We are developing a web application with a fairly standard registration process which requires a client/user to verify their email address before they are allowed to use the site. The site also allows users to change their email address after verification (with a re-type email field, as well).

What are the pros and cons of having the user re-verify their email. Is this even needed?


Summary of answers and comments below:

  • "Over-verification" annoys people, so don't use it unless critical
  • Consider a "re-type email" field to prevent typos, but users can still copy/paste, rendering it moot.
  • Beware of overwriting known good data with potentially good data
  • Send email to old for notification; to new for verification
  • Don't assume that the user still has access to the old email
  • Identify impact of incorrect email if account is compromised

3 Answers 3


if you are going to allow your users to change an email address you need to verify the new email address and send a notification to the old email address. The verification of the new email is more optional, but since you verified the original address not validating the new is an inconsistency, that can turn known good information into potentially useless information. The email sent to the old address is for security reasons in case the account was compromised, so the user can be notified and take action to recover the account if necessary.

You could also require the user to click verification links sent to both emails in the case of an email change and lock the account until both are verified or your customer service is contacted. Doing something like this really hurts user friendliness and should only be used if your application is something that if compromised can cause significant monetary losses or physical danger.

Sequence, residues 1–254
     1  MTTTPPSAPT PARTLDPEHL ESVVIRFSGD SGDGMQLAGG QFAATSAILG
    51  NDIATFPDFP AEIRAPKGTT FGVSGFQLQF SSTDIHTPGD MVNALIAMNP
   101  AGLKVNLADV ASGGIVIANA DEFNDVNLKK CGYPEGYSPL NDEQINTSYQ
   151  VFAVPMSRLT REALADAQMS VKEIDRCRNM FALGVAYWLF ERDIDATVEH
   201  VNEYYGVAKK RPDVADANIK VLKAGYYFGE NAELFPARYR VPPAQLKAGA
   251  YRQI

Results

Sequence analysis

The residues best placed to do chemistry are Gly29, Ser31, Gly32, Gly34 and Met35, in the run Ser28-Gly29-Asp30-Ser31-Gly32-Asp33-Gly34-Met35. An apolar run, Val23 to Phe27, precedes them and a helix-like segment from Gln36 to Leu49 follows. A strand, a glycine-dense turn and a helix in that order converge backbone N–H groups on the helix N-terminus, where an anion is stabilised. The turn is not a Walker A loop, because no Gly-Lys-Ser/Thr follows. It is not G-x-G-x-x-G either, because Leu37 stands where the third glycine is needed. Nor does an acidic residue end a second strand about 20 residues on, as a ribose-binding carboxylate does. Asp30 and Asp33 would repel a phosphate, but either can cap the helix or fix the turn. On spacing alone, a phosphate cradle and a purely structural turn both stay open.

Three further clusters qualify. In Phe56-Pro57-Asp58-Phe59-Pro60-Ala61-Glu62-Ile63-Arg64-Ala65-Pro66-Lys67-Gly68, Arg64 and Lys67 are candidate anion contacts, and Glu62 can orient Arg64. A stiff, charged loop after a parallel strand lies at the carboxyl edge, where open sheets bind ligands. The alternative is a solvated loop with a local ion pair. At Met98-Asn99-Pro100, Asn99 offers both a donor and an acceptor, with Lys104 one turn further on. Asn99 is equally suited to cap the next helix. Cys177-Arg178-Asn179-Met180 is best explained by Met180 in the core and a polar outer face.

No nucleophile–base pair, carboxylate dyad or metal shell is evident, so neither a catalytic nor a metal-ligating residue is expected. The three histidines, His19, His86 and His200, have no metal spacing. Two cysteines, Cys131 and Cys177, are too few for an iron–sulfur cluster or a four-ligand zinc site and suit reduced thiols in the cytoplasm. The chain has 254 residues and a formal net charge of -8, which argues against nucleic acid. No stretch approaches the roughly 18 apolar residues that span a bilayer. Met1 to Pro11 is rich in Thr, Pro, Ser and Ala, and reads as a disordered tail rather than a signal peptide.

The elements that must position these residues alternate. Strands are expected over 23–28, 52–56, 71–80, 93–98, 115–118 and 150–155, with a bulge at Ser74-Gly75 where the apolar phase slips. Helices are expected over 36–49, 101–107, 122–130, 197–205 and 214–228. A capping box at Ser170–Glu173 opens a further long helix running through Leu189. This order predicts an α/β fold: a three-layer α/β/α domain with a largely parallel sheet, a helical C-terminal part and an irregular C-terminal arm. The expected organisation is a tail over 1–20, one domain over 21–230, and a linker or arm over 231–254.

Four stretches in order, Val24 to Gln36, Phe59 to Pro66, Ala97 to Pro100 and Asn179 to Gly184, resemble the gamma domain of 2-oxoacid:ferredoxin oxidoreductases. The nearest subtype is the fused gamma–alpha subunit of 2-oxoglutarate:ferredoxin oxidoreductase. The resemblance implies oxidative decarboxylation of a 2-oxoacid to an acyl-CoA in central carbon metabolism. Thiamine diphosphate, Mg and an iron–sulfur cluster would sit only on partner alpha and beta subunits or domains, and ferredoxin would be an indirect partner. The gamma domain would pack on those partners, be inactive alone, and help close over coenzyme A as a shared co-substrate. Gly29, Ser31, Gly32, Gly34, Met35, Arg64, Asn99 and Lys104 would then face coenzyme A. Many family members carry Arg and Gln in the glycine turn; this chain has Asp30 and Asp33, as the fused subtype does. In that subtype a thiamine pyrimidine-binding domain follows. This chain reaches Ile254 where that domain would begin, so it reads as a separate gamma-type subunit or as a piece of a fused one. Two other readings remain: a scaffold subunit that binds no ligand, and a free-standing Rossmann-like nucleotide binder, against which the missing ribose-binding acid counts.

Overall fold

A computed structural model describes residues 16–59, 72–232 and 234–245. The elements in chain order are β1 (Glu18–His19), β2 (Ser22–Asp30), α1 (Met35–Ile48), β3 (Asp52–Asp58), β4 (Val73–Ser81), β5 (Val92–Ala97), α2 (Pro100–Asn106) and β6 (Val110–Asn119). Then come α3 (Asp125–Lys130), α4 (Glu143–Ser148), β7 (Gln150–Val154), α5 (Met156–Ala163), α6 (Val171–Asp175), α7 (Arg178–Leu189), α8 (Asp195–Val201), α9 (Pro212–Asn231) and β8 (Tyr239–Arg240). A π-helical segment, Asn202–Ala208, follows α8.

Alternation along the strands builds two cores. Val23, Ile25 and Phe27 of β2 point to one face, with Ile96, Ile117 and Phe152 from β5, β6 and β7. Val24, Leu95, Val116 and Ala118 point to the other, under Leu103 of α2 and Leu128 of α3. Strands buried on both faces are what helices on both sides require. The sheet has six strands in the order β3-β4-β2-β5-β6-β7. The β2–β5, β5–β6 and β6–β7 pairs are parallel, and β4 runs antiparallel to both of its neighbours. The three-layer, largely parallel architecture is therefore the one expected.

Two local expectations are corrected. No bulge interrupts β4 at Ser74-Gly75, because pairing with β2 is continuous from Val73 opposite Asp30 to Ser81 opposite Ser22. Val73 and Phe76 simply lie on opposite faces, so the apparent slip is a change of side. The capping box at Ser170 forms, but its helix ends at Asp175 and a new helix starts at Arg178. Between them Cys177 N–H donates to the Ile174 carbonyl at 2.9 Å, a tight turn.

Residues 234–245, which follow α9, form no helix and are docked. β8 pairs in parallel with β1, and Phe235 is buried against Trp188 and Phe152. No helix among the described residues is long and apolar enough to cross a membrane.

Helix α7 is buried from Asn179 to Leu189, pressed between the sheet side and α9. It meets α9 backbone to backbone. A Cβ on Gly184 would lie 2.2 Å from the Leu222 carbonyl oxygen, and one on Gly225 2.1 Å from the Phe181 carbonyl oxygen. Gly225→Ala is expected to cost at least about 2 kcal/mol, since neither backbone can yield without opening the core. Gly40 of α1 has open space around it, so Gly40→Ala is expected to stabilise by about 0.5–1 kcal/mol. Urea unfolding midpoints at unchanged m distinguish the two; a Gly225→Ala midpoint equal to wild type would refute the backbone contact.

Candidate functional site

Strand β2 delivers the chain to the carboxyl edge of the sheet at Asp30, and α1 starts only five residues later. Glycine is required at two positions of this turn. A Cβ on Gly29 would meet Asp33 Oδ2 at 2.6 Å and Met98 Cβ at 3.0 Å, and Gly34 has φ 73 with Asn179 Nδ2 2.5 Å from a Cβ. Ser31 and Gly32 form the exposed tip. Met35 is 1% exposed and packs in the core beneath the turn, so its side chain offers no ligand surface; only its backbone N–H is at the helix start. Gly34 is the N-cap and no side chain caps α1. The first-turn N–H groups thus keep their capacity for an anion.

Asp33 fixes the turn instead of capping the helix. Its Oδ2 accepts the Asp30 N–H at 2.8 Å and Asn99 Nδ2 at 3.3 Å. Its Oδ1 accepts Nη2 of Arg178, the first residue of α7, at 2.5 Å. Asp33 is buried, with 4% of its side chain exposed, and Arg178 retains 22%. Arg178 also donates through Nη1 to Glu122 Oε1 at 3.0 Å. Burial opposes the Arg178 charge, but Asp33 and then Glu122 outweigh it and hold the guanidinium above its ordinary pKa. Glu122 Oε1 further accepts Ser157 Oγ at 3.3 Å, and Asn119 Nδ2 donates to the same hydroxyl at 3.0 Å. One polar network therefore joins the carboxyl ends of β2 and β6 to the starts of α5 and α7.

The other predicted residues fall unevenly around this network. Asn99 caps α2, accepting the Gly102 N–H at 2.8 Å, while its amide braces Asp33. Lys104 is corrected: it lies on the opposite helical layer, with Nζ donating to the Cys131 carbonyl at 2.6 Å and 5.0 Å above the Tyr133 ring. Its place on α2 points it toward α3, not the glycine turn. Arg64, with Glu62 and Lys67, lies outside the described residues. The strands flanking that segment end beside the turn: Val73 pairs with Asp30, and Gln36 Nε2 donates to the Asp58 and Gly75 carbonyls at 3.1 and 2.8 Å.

• 1
    @Ryahtal - What about if the user doesnt have access to the old email account? I have this problem all the time...
    – hanzolo
    Sep 20, 2012 at 18:05
  • 1
    @hanzolo in the first case it wouldn't matter if you didn't have access to the old email account, in the second case you would be forced to contact some sort of customer service, which is why that method should be avoided for trivial apps, but I would prefer it for an online banking app.
    – Ryathal
    Sep 20, 2012 at 18:14
  • @Ryahtal - I'm assuming you meant "shouldn't" at the end of that last sentence. Sep 20, 2012 at 18:23

Verifying an e-mail address by making a user enter it twice is a stupid idea (as a result, it is also a much copied idea). The user can verify what they entered the first time by reading. Requiring a password to be entered twice does make sense, since the user can't read what they typed (a the typical password edit control masks the actual text).


Why not provide whatever verification of the email there in the form?

Ultimately, the question you need to answer is "why are we verifying an email address" before you can answer whether or not re-verfication is required.

If the idea is to really enforce an opt-in mentality, then a re-verification may be appropriate.

If the idea is to make sure they didn't mistype something, providing a 2nd field to re-enter the new email address against for verification may be sufficient.

And then you should consider how the user will view a re-verification. Without knowing the domain of your site, I would be annoyed at having to do so. But I'll acknowledge there could be a domain or a use case to where I as the user would want you to re-verify my email address.

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